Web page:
I’ve always been a fan of Ruth Pacheco and her farm on Old Smithfield Road in North Smithfield. The bees, the herbs, the puppy care … all of it. The entire road is beautiful, a throwback to simpler and quieter times, yet only a stone’s throw from shopping and restaurants and other niceties that make modern life enjoyable.
I understand the need for Mrs. Pacheco to seek out ways to keep her farm financially sound and in her family’s hands for generations to come. But in seeking to place a large wind turbine on her land, she has created a firestorm with neighbors.
My dad once told me “Remember, the rights of your fist ends where the rights of the other guy’s nose begins.” To neighbors, this wind turbine is a giant 462.5-foot fist in the face. Proposed by Green Development and its founder, Mark DePasquale, this turbine would be 32 feet taller than Rhode Island’s tallest building, the so-called Superman building in Providence. That seems pretty big.
People have been talking about this project for years, and signs saying “No Wind Turbine” are along the road. At one time, I counted 27, but there are fewer today. In last week’s story by reporter Lauren Clem, we were introduced to Nicole Valliere, a woman who with her family bought the beautiful 16-acre property and home next to Mrs. Pacheco. It was perfect for her children and ailing father, she told us. Mrs. Pacheco came to meet and welcome her new neighbors after the sale, and told Ms. Valliere of the turbine, no doubt in an earnest effort to win her approval. It didn’t work, and Valliere has joined neighbors in the fight against the turbine she knew nothing about.
As an aside, may I ask: Do real estate agents or homeowners have any obligation to tell unsuspecting buyers that a massive wind turbine is planned next door? Apparently not. Legally, home sellers, with their professional representatives, must sign disclosure forms that inform buyers of all sorts of things that may impact the value of a home. But if a 462.5-foot wind turbine is planned next door, nothing needs to be said? If so, may I say here, “There ought to be a law …”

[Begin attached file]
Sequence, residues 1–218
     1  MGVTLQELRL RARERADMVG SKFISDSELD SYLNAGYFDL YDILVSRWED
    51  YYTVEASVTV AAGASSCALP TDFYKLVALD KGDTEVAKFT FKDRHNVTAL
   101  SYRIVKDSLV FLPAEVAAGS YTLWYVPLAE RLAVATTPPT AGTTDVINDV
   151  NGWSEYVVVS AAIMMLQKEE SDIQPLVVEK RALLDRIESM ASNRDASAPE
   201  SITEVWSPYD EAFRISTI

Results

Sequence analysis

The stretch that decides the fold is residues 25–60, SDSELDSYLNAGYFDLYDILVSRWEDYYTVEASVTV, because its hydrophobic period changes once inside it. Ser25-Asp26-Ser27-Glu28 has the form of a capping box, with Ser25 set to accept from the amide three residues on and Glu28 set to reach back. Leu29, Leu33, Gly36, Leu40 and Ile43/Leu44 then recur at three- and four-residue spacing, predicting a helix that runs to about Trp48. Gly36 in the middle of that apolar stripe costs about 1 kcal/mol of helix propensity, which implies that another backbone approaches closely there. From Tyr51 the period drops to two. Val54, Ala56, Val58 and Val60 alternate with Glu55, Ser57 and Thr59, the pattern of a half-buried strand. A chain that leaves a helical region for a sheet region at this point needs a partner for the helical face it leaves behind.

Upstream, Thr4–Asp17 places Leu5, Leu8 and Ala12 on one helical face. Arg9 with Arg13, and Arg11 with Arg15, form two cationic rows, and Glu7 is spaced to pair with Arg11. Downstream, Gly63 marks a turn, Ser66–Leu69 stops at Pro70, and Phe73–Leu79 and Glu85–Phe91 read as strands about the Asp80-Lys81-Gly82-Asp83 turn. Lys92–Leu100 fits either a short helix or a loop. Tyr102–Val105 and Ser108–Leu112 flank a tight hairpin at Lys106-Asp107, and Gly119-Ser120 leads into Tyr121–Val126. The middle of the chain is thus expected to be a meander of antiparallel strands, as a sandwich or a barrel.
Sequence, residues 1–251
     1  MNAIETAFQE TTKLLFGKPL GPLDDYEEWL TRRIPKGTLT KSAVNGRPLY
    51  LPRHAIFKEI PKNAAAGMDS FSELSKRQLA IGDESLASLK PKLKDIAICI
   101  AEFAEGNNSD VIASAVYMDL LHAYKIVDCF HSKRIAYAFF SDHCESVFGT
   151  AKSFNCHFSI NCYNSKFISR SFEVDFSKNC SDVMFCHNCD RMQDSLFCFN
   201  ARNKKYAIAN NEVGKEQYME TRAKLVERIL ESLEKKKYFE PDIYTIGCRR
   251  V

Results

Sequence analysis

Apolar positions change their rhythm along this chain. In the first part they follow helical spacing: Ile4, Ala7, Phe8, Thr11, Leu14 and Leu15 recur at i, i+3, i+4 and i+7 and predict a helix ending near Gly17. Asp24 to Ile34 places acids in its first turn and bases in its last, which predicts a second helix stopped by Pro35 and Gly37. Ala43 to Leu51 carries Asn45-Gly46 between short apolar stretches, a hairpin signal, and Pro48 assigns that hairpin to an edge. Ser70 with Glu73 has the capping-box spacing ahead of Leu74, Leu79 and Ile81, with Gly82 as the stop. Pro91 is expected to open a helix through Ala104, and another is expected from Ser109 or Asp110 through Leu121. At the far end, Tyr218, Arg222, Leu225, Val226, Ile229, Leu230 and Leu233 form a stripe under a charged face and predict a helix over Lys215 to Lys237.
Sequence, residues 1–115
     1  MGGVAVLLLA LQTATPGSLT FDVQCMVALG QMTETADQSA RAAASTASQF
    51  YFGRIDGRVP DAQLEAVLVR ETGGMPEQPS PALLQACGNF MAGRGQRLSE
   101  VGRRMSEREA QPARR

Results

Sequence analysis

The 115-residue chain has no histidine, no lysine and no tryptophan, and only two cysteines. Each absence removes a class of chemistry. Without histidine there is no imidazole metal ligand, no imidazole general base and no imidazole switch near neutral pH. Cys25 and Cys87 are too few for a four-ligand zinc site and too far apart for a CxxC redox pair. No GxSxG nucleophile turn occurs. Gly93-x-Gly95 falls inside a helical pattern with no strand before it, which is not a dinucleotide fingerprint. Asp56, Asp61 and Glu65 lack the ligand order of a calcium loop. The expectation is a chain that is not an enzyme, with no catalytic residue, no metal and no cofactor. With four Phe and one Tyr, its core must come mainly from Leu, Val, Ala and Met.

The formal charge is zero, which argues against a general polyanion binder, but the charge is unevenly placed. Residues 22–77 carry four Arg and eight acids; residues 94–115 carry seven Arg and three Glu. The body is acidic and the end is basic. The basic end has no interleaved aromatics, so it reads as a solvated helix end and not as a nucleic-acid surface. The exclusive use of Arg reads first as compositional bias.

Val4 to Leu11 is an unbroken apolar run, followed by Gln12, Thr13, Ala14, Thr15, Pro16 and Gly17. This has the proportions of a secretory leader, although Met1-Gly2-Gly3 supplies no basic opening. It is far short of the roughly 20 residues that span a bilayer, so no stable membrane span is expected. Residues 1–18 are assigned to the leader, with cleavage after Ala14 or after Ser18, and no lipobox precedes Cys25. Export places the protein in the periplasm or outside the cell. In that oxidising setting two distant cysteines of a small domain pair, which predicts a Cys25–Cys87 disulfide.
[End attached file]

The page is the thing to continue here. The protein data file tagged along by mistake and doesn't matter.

Right now, however, it seems current laws favor the developers of green (with a small “g”) energy. As I’ve written before, environmentalists across the state are protesting – rightly, in my view – the clear-cutting of trees that absorb carbon only to have them replaced by solar sprawl. We can all pat ourselves on the back for saving the planet, but it’s clear this is ridiculous public policy. Solar belong on rooftops, or large buildings, or brownfields and other damaged lands like former dumps. Clear-cutting woodlands for solar energy makes no sense to me.
Still, that’s what state policy rewards today with our taxes – fairly aggressive and rampant development of green energy just to make a political point.
I have read enough about the light “flicker” of spinning blades and the noise levels of large turbines. While Green Development has maps that show flicker will not be a problem for neighbors, there isn’t much besides promises that can be made regarding noise. One Portsmouth woman, Denise Wilkey, complains bitterly in our comments last week of the noise and changes to her quality of life from a Green Development turbine 1,100 feet from her home. She is not alone. With apologies to Ruth Pacheco and her family, I would urge the North Smithfield Zoning Board to turn this plan down. My bottom line: Huge turbines don’t belong anywhere near people. The neighbors’ noses – and ears – have rights, too.
Ward is publisher of The Valley Breeze.
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